It is no surprise that few people worry about financial risk when the stock markets are rising. From the start of 2019 until last Thursday, February 19th, North American stock markets had a terrific run. During that period the broad S&P 500 index rose 35.4% and the technology focused NASDAQ rose a gaudy 48.3%. Many investors were too busy looking at their gains to worry about what might come next. However, risk is always present, and it made itself felt in the last five trading days.

With the headline-grabbing Dow Jones Industrial Average down an eye-popping 2,611 points or 8.8% in ten days, it is useful to think about four distinctly different risks that investors face when buying stocks. Three of them came into focus for us this week, but luckily, not the fourth.

The worst and most dangerous risk is Systemic Risk. This is what we confronted in October, 2008, when it appeared that the entire world financial system might fail and fall into disorder. Systemic risk is rare in developed economies but it can be seen today at work in Venezuela where inflation is so high it cannot be measured. At this time no serious economist thinks the world or any country, even China, is facing a systemic risk. Central banks and governments are prepared for most eventualities and have tools at their disposal. The government of Hong Kong this week literally threw money at the problem, writing cheques of HK$10,000 to each citizen to increase the demand for goods and services. We are not worried about systemic risk affecting any developed country.

The second kind of risk is called, confusingly, Systematic Risk. This is the risk that an entire group of related assets, such as stocks or real estate or bonds, will all fall in value at the same time, and not necessarily for any easily understood reason. The fall in global stock markets in the past week is a perfect example of systematic risk. To a great extent it did not matter what stocks an investor owned; pretty much everything sold off in reaction to fears over the spread of coronavirus. Systematic risk is why we diversify our assets, holding fixed income for all but aggressive accounts. Experience shows that when systematic risk strikes, it can reverse just as suddenly, and an upward move can be just as abrupt as the downward one.

In an event like the current health crisis, clearly some sectors of the economy are more exposed to adverse consequence than others. For example, travel will obviously be hard hit, and this is an example of Industry or Sector Risk. All portfolios need to be immunized from sector risk by diversifying among a number of industries and ensuring that the amount of capital allocated to any one sector is not too great a proportion of the portfolio. Often, different sectors move in opposite directions, meaning that diversified portfolios will have lower volatility than highly concentrated ones.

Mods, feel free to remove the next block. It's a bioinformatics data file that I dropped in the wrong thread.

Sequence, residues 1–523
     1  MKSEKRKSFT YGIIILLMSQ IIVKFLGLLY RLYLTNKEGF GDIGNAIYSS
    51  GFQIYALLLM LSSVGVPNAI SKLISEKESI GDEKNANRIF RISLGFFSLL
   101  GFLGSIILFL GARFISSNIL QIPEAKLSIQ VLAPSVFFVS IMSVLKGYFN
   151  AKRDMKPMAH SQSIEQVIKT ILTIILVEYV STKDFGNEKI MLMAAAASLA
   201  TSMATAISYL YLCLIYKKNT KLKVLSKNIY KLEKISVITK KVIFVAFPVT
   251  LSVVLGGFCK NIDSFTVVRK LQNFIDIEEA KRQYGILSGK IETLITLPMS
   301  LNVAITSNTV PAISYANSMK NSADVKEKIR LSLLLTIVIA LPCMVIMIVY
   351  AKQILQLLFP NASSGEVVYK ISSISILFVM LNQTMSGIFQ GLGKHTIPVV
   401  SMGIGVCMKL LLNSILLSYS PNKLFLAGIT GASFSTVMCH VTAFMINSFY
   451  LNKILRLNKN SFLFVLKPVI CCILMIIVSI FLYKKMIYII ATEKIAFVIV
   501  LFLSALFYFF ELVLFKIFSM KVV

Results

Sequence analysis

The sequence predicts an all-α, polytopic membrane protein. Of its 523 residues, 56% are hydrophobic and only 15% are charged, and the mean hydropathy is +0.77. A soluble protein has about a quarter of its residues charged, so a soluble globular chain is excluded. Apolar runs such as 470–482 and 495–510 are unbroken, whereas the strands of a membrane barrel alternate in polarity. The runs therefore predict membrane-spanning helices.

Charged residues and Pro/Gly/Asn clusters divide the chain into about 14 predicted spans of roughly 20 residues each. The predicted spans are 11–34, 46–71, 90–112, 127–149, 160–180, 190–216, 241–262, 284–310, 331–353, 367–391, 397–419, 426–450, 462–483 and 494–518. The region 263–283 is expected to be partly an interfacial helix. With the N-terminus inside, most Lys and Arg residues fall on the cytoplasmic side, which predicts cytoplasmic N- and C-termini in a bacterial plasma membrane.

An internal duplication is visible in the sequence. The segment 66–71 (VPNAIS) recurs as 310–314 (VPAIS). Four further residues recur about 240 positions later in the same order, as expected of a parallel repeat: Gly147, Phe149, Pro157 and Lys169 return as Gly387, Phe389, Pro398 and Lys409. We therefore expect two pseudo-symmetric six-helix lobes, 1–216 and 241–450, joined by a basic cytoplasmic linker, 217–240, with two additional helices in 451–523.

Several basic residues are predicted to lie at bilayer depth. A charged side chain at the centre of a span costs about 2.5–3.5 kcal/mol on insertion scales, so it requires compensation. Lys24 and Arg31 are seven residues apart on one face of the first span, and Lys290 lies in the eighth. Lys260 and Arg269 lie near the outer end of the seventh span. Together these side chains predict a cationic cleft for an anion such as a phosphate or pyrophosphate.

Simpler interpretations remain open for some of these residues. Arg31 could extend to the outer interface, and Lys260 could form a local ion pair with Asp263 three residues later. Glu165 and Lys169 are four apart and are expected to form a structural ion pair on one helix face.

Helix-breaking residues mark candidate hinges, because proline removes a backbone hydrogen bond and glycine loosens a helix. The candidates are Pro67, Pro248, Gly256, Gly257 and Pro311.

Finally, the fourth risk is Company Specific Risk. Some companies are like the victims of a drive-by shooting, just in the wrong place at the wrong time. Clearly shares in these firms will be more affected than others that are merely sold off along with the rest of the market due to systematic risk.

On Tuesday afternoon the Portfolio Management Committee of Baskin Wealth Management met to review our client’s exposure to sector and company specific risk. We are well aware that there is nothing we can do about systematic risk, and that attempting to time the market to avoid it is a futile and usually expensive and self-defeating endeavour. However, the same cannot be said of the risks that are specific to any particular stock. For this reason the committee discussed in detail each of the fifty companies that currently are held in our client portfolios. We posited the question: What might happen to each of these companies in the event of a global coronavirus pandemic? We, of course, do not know how severe this disease will turn out to be, but risk management is about looking at worst cases, so that is what we did. Here is what we found.

Only four of the fifty companies were judged to be at particularly high risk. We took the decision to sell two of them, Delta Airlines, and Hyatt Hotels. It may be that global travel will recover quickly and that airplane seats and hotel rooms that are now empty might fill up again sooner than we expect. However, we felt the risk of selling now was lower than the risk of waiting to find out. Two other companies that we think might have problems are being held for now, but we are paying very close attention to them.

Of the other forty-six companies, 12 were judged to have some exposure to a severe disease outbreak, and a further 34 were judged to have very little exposure. As a result the committee decided that no action was required in regard to the great majority of our holdings.

We are acutely aware that our clients have entrusted us with their funds in the expectation that we will make prudent decisions and take such action as may be necessary to avoid undue risk. We believe we are doing that, and of course, we will continue to do so in future days.

Systematic risk is a fact of life in the stock markets. Since the great recession that ended in March, 2009, there have now been 26 separate times that the broad market indexes have fallen at least 5%. That’s an average of about twice a year. The recent fall is therefore not anything unusual or unexpected. The underlying reasons for this particular sell-off may be open to question, but clearly the situation with the global spread of coronavirus is somewhat novel and does require special attention.

As the situation evolves, we will continue to evaluate the situation. In the meantime, we are as always happy to speak to you and discuss your own questions and concerns.